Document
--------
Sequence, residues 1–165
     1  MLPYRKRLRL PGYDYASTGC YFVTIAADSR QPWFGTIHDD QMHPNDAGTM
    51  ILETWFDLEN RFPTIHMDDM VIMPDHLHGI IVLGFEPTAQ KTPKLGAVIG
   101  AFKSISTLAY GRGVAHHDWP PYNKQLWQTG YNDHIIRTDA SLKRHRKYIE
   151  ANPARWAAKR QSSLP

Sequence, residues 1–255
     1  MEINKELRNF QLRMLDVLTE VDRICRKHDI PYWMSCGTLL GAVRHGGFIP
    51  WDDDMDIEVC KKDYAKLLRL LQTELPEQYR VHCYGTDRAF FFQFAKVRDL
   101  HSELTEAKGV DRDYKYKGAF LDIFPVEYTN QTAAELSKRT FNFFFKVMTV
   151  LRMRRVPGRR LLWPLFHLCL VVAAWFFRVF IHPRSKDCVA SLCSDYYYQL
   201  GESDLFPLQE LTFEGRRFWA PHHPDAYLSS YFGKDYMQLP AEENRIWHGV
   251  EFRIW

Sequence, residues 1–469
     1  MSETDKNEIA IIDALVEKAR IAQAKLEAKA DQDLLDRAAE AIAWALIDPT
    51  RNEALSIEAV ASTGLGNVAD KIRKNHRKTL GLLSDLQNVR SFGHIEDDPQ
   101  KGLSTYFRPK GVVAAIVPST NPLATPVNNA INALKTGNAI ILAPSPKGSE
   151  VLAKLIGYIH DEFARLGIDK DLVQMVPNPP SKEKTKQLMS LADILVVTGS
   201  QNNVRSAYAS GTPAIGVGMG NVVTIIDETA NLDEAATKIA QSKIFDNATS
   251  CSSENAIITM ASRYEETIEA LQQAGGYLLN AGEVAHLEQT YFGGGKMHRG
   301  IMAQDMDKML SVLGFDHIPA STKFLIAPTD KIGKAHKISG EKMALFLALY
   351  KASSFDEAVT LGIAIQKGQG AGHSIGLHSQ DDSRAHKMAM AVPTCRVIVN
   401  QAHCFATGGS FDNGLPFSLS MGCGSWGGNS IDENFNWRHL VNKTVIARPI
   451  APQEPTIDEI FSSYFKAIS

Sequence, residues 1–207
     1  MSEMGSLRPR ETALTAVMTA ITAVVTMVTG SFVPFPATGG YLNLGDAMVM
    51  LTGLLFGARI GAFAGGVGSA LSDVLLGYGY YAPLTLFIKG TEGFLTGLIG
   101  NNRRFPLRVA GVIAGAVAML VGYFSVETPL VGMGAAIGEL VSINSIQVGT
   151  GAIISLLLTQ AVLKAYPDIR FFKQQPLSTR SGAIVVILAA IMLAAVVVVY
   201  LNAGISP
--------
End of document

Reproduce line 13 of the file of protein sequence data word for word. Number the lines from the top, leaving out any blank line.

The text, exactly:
Sequence, residues 1–469